My 16th ball of the day was thrown by Pedro Feliciano. Nothing special there. I was standing near the Mets’ bullpen. He walked over to pick up a ball off the warning track. I asked him for it and expected to get dissed because he’s not exactly the most fan-friendly player in the majors, but to my surprise, he turned and chucked it to me. (So I guess that IS special.)

I wasn’t done…

David Wright launched a home run into the left field bullpen, and the ball happened to settle in the perfect spot for my glove trick. Here’s a shot that Jona took…

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…and here’s a shot that Brandon took at that same exact moment from across the stadium:

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A nearby Mets fan saw me use the glove trick and responded with a gesture as if to say “We’re not worthy!”

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At the very end of batting practice, after all the Mets players and coaches left the field, there was a ball sitting on the warning track near the foul pole. I ran over and tried using my glove trick to knock it closer, but a groundskeeper wandered out and picked up the ball before I had a chance. I asked him for it, and when he looked up and saw me decked out in Mets gear, he said, “You’re wearing the wrong clothes.” He then pointed to the little kid next to me and tossed him the ball, but guess what? The ball sailed over the kid’s head, and I ended up catching it. I didn’t reach in front of him. I had stepped back so that he’d be able to experience the rush of getting the ball on his own. It was a total accident that the ball found its way into my hands, and I immediately turned it over to the kid.

It was 6:25pm. The game was going to start at 7:05pm. What happened next? Brandon and Jona and I left the stadium (I gave away another ball to a kid on the way out), and we never looked back. This was all part of the plan, but it’s not the end of this blog entry, so keep reading past the stats…

SNAGGING STATS:

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• 18 balls at this game (15 pictured on the right because I gave three of them away)

• 505 balls in 56 games this season = 9.02 balls per game.

• 625 consecutive games with at least one ball

• 150 consecutive games with at least two balls

• 179 consecutive games outside of New York with at least one ball

• 119 lifetime games with at least ten balls

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• 4,325 total balls

CHARITY STATS:

• 126 donors (one more month remaining to make a pledge)

• $25.26 pledged per ball

• $454.68 raised at this game

• $12,756.30 raised this season for Pitch In For Baseball

Okay, so, as I was saying, we left the stadium:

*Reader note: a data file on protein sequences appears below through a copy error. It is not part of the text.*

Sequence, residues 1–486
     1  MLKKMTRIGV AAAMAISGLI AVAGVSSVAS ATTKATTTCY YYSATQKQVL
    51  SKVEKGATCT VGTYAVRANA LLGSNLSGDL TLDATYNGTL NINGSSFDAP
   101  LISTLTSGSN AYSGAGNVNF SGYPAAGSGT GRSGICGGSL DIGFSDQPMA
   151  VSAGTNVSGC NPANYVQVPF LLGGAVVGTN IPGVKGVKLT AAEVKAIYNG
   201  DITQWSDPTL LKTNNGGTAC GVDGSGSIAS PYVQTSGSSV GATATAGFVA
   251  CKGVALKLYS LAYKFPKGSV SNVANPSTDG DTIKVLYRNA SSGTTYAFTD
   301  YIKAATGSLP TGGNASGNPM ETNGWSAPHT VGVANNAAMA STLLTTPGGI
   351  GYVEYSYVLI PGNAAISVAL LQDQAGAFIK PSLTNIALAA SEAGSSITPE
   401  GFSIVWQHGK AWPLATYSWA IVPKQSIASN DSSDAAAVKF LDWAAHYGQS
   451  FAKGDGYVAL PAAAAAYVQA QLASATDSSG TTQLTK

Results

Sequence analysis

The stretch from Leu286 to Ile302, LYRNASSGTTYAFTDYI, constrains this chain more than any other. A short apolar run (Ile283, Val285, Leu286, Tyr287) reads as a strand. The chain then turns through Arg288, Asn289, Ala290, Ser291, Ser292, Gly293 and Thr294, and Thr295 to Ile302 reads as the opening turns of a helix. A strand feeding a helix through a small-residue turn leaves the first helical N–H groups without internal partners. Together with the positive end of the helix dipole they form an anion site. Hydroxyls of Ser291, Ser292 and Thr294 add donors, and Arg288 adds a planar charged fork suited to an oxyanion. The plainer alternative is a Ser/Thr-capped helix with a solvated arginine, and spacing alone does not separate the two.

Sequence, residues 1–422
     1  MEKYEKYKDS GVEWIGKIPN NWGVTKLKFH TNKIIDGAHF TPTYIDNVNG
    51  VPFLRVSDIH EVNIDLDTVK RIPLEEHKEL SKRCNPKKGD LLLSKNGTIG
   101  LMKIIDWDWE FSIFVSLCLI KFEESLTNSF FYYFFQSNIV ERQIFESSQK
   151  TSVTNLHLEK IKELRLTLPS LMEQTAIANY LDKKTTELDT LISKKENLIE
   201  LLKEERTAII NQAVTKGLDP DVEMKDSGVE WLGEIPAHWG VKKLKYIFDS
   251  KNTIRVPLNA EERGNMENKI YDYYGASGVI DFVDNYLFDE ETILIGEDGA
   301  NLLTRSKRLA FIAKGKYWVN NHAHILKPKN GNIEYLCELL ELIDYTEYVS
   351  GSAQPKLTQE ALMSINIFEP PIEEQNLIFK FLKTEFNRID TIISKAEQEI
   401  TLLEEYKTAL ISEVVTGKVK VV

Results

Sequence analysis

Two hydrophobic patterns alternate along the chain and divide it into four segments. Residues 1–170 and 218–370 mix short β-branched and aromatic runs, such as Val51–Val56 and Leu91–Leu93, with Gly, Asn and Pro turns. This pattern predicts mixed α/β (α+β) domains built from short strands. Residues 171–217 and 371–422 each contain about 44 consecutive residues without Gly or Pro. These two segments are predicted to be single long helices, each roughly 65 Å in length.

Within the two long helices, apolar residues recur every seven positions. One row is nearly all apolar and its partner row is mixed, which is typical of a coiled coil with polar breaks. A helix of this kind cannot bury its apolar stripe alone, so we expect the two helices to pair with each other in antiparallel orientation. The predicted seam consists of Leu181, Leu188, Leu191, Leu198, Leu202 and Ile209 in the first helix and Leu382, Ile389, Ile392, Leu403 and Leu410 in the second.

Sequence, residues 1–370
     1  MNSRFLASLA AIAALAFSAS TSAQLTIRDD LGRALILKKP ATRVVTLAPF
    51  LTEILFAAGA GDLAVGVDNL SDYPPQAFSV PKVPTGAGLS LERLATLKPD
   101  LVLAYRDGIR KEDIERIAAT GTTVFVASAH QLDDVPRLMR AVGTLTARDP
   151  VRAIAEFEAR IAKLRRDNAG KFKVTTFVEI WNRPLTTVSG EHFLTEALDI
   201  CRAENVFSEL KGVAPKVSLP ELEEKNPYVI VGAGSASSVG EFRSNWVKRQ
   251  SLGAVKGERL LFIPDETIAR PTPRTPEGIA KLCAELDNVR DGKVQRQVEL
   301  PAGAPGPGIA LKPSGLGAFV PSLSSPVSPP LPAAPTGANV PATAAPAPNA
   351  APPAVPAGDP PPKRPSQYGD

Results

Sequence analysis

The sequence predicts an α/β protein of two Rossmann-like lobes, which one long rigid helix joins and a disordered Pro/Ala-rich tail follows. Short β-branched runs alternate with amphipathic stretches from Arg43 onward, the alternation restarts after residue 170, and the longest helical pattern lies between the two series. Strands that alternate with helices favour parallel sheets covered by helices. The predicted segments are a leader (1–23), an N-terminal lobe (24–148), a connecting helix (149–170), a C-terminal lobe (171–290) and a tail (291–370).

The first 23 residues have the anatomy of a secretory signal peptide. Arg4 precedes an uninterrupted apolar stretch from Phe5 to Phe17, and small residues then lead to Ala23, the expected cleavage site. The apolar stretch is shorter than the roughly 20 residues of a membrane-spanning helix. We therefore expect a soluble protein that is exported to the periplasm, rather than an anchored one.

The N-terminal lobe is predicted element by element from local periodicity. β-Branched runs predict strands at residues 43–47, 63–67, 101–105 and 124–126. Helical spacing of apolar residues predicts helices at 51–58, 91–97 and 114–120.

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We jumped in the car and set out on a 13-mile drive that ended up taking 90 minutes! Traffic in D.C. was a true nightmare, especially for Brandon because he lives for music, and we were on our way to a concert. Isn’t life funny? Less than four hours earlier, I was stressed out of my skull because I was missing batting practice. Now it was Brandon’s turn to freak out about missing Muse play the opening act.

By the time we reached our destination, it was dark:

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Can you tell where we were? Look closely at the photo above, and you’ll see a small “REDSKINS” sign on the light pole. That’s right, we were at FedEx Field for a huge huge HUGE concert. Traffic outside the stadium (in case you couldn’t tell from the last photo) was insane. I mean, it wrapped all the way around the place and then snaked around endless/temporary barricades in various parking lots that had been set up just for this event. Jona and I agreed to park the car so Brandon could run in and try to catch the first part of the show.

Finally, by like 8:30pm, Jona and I made it into the stadium and met up with Brandon. We walked through a VERY crowded concourse and eventually headed out through one of the tunnels. This was our first glimpse inside the seating bowl — and of the stage:

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What the hell?!

Did you ever see anything like that? It reminded me of the huge alien-monsters in “War of the Worlds.” I was almost afraid to go near it, but in fact we were about to go very near.

Are you wondering what concert we went to? Who we went to see? The answer lies at the top of this ticket stub:

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Yup, U2.

I’d never seen them in concert before, but that’s not saying much; I’d only been to a handful of concerts in my life, and they were all small shows, so this was quite an experience.

23_fedex_field_seating_chart.jpgTake another look at the ticket. See where it has the date? See right underneath it where it says “GENADM”?

Want to see where our general admission tickets put us?

Take a look at the FedEx seating chart here on the right (courtesy of StubHub).

See the red section that says “FLOOR GA”?

That’s where we were. It was a huge standing-room-only section right down ON the actual field itself. Well…we weren’t standing on the grass. There was a floor that’d been built for everyone to stand on, but it was still great to be down there. If we’d gotten there earlier, we could’ve rushed right up to the front, but because I’d selfishly insisted on stopping at Nationals Park for batting practice, we had to settle for being about 100 feet away from the main part of the stage.